Marc Eisner notes the politics of fiscal irresponsibility. Such politics never seem to go out of style. Nevertheless, the coalition government in Great Britain is offering an object lesson in how to build political support for deep, wide-ranging cuts in government spending. With the UK’s finances in even slightly worse shape than the US’s, the Conservatives and Liberal Democrats have successfully made the case that there is no alternative. Here are some of today’s figures on polling on welfare cuts:
|Making the long term unemployed spend 4 weeks doing unpaid work||All voters||CON voters||LAB voters||LD voters|
|Withdrawing Jobseekers Allowance from those who turn down a job offer or interview||All voters||CON voters||LAB voters||LD voters|
|More stringent testing for people receiving Disability Living Allowance||All voters||CON voters||LAB voters||LD voters|
|Putting a £400 a week maxium on housing benefit||All voters||CON voters||LAB voters||LD voters|
Those are truly massive majorities.The British government is also cutting defense expenditures drastically and means-testing certain benefits, such as child care, so that the middle classes will no longer receive them. These policies are somewhat less popular but still enjoy majority support.
So how did they do it? One of the key requirements for the political “optics” of the cuts was the coalition government. With a social democratic party in the Lib Dems joining the Conservatives in supporting the cuts, the government was shielded from accusations of heartlessness or right-wing mania. Moreover, supporters of both parties outnumber Labour supporters. In the media, key Labour Party figures have been successfully characterized as “deficit deniers,” the people who caused the problem in the first place.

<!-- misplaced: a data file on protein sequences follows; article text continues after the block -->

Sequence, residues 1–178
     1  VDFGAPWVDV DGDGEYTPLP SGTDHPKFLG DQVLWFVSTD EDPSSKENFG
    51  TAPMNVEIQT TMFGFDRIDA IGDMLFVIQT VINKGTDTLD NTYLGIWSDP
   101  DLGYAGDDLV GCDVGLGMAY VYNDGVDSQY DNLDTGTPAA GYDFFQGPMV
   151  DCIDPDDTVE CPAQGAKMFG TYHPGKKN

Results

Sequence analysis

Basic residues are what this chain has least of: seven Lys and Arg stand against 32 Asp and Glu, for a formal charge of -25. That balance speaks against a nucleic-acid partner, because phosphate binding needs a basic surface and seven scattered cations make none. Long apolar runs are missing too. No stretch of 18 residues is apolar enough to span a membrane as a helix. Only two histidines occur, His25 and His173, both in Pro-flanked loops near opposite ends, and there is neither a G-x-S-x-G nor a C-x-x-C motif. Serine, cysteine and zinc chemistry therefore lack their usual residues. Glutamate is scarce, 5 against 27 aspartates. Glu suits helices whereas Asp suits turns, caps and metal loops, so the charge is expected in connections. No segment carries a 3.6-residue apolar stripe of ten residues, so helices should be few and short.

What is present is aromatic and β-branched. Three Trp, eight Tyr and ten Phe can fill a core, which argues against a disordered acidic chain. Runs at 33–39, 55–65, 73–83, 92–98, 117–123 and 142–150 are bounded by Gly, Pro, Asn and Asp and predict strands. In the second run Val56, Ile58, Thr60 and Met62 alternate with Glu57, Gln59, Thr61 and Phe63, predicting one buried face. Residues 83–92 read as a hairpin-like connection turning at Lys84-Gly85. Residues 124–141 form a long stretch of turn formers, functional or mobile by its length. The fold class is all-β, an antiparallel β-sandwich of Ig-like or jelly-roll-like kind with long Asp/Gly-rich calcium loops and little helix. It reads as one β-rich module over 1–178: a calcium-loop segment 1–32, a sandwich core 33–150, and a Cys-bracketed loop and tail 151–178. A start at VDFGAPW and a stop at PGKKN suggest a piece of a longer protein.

Coalition government is supposed to slow down the pace of change and create gridlock, just like divided government in the U.S. Nevertheless, it has worked well so far for Britain because it allows a formal structure that ties both parties to each other – neither party wants the coalition to fail, which would surely bring on a new election.
Unfortunately, this institutional characteristic of some parliamentary systems – endogenous election timing – is not available to American politicians. Nevertheless, Britain’s experience suggests that one way out of the fiscal mess in the U.S. would be a bipartisan, cross-chamber coalition of sorts, narrowly focused on solving the budget crisis. Given the midterm election results, the popular mandate is there for a radical fiscal house-cleaning, if anyone decides to take it up. Reasonable Republicans and Blue Dogs can join forces to create clear majorities in both houses and negotiate – in hard-fought, late-night sessions if need be – a package of radical spending reductions and tax reforms needed to close the budget gap.
With a bipartisan mandate, who could run against the results? The anti-tax-hike and anti-spending-cut extremists on both sides will be neutralized. President Obama will have no choice but to endorse the outcome of such a negotiation. Imagine if he vetoed the plan. He would clearly be the one responsible for shutting the government down if it came to that. He couldn’t blame the Republicans – because the cutters would have substantial Democratic support. He’d merely be making himself look even more liberal, which I’m sure his political advisors realize is not the key to victory in 2012.
We can dream, can’t we? As unlikely as this scenario sounds, the bottom line is that spending cuts need not be politically toxic. If you frame the debate as one of responsibility versus madness, voters will choose the former.